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The need for Energy Performance Certificates (EPC’s) comes from a  European Union Directive that requires any building which is sold, rented out or constructed to have an EPC. The Directive is intended to tackle climate change by reducing the amount of carbon produced by buildings across the European Union. Nearly half of all carbon emissions in the UK come from buildings so they are all assessed on a scale of A (most efficient) to G (the least efficient) with the average rating of an EPC being D. Older homes rate between E and G and new builds are rated between A and C.

Since 2008 an energy performance certificate has been required on all rented property in England and Wales and
on 1st April 2016 as part of the Energy Effeciency Regulations 2018 tenants became able to apply to the landlord either for them to a) make energy-saving improvements to the property or b) for consent to be granted by the landlord for the tenant to carry out energy efficiency improvements themselves, such any refusal to consent requiring good reason.

Any property that has an Energy Performance Rating (EPC) of less than ‘E’ must now carry out works to improve it to a rating of E or above. There are however some instances in which a landlord can refuse permission for improvements to be made, such as:

  1. The tenant made a request within the preceding six months and the landlord complied;
  2. The improvement is the same, (or substantially the same) as one which the landlord proposed within the preceding six months but which the tenant either refused or failed to respond to.

From April 2018 It will be illegal to both market and rent a property with a rating less than F or G. Existing tenancies will not be able to be renewed from 1st April 2020 for the same reason and from 1st April 2023 this will apply to all existing tenancies in addition to any new ones that may be granted. So any rentals that still fall in the ‘F’ and ‘G’ performance category will place those landlords in regulatory breach (unless there is an exemption). A civil penalty of up to £4,000 will be imposed for breaches.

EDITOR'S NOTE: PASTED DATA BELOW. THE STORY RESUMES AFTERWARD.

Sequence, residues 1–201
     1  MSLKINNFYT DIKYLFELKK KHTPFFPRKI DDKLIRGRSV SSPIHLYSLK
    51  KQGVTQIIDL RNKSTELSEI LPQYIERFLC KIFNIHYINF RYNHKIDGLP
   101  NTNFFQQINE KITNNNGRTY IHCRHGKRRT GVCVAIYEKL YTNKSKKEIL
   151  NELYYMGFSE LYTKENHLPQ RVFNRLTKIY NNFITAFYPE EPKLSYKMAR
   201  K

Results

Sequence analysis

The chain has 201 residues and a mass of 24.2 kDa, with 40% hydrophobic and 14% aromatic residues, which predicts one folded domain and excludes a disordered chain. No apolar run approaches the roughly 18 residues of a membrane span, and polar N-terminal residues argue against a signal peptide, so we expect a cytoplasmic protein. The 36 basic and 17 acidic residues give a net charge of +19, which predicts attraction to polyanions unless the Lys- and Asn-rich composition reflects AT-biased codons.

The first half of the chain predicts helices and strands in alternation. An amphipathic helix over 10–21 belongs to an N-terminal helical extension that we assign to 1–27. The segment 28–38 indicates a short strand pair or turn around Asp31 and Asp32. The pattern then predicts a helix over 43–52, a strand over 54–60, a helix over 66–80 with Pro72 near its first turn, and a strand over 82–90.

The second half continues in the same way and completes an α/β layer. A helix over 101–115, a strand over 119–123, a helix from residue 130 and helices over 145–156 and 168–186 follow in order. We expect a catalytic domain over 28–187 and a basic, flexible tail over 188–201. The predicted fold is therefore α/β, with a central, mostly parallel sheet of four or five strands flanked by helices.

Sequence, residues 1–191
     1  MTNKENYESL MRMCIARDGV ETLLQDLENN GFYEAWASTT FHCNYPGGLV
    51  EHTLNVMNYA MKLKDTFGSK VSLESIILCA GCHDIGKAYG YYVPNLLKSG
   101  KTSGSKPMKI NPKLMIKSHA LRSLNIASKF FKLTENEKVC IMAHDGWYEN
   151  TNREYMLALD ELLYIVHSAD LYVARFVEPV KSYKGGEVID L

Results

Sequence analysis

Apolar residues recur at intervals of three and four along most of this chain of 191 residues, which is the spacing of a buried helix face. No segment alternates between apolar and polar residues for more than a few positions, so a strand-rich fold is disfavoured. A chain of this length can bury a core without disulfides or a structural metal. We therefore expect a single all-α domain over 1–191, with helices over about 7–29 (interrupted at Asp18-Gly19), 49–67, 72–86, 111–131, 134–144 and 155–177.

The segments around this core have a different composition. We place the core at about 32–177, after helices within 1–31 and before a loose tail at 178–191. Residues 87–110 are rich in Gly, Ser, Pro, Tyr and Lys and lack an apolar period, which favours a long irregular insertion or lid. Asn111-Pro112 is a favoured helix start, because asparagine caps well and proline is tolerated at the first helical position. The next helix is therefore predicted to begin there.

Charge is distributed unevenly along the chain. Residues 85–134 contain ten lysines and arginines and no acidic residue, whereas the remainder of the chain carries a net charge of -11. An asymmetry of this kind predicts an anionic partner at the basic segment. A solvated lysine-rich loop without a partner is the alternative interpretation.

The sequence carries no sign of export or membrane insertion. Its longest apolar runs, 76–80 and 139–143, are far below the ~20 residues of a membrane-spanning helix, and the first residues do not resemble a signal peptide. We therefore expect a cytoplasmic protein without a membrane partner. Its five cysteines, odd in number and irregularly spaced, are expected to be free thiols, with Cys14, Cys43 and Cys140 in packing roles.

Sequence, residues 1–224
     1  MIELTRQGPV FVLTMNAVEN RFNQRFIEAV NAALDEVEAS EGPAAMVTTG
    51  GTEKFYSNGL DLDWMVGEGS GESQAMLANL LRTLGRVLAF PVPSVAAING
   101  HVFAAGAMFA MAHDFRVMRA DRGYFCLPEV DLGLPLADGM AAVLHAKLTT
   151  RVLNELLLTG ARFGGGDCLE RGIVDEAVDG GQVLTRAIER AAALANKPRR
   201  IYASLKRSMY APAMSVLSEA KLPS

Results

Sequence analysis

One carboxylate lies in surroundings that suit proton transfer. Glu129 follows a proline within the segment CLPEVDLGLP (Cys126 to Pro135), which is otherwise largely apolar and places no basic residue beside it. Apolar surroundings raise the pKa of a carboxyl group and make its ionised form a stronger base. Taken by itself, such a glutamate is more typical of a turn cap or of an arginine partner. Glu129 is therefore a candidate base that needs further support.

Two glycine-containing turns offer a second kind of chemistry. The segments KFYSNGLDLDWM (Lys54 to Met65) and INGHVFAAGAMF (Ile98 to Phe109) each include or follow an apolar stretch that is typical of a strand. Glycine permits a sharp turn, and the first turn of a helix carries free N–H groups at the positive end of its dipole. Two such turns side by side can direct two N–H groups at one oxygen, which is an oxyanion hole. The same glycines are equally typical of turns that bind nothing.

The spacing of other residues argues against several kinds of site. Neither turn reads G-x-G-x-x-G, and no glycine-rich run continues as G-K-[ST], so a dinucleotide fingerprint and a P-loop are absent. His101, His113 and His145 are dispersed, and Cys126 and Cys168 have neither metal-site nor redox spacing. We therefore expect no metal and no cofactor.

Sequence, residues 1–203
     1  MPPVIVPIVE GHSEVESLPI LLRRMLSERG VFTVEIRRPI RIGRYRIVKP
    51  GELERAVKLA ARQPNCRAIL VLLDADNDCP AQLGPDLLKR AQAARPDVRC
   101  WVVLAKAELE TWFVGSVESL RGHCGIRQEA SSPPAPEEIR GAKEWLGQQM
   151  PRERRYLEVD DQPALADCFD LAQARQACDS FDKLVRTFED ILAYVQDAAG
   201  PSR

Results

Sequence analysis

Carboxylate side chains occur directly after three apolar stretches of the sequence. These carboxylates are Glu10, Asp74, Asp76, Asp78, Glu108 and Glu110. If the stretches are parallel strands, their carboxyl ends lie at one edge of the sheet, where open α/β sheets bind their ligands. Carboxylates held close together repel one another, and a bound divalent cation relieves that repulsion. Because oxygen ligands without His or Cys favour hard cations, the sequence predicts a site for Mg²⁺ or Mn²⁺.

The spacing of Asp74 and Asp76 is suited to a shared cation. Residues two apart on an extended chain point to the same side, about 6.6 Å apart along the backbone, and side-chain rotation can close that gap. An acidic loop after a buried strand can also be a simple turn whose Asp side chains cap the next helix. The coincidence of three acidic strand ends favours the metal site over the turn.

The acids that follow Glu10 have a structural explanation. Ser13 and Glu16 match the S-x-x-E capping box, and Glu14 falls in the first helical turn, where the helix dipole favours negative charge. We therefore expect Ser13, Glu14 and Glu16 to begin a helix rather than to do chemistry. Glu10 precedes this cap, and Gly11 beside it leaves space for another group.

Note: These regulations will not however apply to lettings of less than 6 months or long leases above 99 years.

Property Exemptions

A property will also be exempted if it has:

  1. a) already had energy saving measures put in place or b) no such measures can be undertaken;
  2. Third party consent is unobtainable from parties such as planning departments, mortgage lenders, superior landlords or in instances where consent to access the property is not given;
  3. When any independent surveyor states that such energy upgrades would reduce the property value by more than 5% or cause damage.

WHO ISSUES EPC’S?

EPC’s are issued by Domestic Energy Assessors (who must be qualified and accredited) and they are responsible for registering the certificate on the EPC Register where they are available to view or download free of charge. The register can be searched either by the address or by the Register’s RRN Reference number. Improvements will also be recommended such as:

  1. The installation of wall insulation (inside and out);
  2. Upgrading a boiler or:
  3. Double/triple glazed windows.

Powers of Trading Standards Officers

Trading Standards Officers (TSOs) have the power to get the ’relevant person’ (i.e. the seller or landlord) to produce copies of the EPC for inspection and to take copies if necessary. The power to get the production of documents is now  extended to include persons acting on behalf of the seller or landlord – e.g. estate agents and letting agents. This means that TSOs for example will be authorised to get estate agents to produce evidence showing that an EPC has been commissioned where they are marketing a building without one.

TSO’s also have access to the Landmark Registry where all EPCs are stored.

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